Before I get to the knitting, let me show you one of the things I cooked this week. I love fall for cooking, all the turnips and beets, and pumpkins! They’re not just for jack-o-lanterns anymore! I’ve had a couple of small sugar pumpkins in the pantry, waiting for the right moment (get the pie pumpkins, not the field pumpkins grown for gigantic size). We made pumpkin curry with it. Here’s the details and photos. This isn’t a recipe as such, but if you know how to put together a stew, you can figure this one out.
First, whack up the pumpkin, the hardest part. I generally get it cut up into big sections, then about two-inch squares, then cut the rind off. It’s pretty hard to peel the thing whole. I keep the pieces rather large, since they tend to melt into the curry when fully cooked.
Once you get that part done, you’re home free. Slice some onions and garlic, and saute, then add your curry blend.
I think I’ve mentioned this before, but I buy curry spices whole and grind them. I’ve made my own blends before, but now I just buy them locally here. They’ll ship, too. This particular blend was the Sri Lankan curry blend. I don’t think we’ve ever tried this before, and it was very good. Here’s everything cut up and ready to go. This process makes all the world of difference in a dish with lots of parts. If you get everything chopped before you start cooking, it’s a piece of cake. Mise en place, the French call it.
After I added the spices, I tossed in some chicken stock, a bit of white wine, part of a can of chopped tomatoes, 2 cans of garbanzo beans (rinsed), and the pumpkin, then cooked it till the pumpkin was done. This really doesn’t take long, and if it’s overcooked it turns to mush, so watch it. At the end, I threw in a bunch of baby spinach we had lingering around. Oh, I also added one chopped hot pepper in at the same time as the garlic, it was a yellow pepper that looked like a serrano and had some heat. And salt to taste.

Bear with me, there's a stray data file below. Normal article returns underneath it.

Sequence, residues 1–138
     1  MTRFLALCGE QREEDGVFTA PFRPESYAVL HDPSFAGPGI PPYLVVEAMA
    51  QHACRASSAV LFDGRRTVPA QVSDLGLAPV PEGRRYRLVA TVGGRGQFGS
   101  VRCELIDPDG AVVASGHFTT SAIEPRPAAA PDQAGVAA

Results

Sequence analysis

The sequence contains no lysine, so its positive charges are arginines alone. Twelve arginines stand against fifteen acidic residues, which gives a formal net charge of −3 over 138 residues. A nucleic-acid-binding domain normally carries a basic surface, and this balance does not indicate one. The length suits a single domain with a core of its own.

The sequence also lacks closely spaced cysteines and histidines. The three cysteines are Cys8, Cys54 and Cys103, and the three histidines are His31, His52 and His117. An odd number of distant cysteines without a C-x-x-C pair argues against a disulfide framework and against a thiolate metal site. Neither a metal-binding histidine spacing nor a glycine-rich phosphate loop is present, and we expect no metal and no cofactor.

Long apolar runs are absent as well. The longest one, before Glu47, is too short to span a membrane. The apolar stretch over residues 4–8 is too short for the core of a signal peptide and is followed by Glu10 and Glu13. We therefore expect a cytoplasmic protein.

Serve over rice, and dinner is ready.
On the knitting front, I have 8 repeats of that True Blood Faery band done. I thought I had royally screwed up my gauge, but it turns out I was wrong. The bottom cable chart is 40 rows, and the pattern calls for knitting 20 repeats of chart A. I finished what I thought were 4 repeats, meaning 160 rows, measured, and was horrified to find that the piece was twice as long as it was supposed to be. After I calmed down, I searched Ravelry, read the pattern (now there’s a novel thought), and discovered that each chart repeat is two pattern repeats. It measures out perfectly. Whew.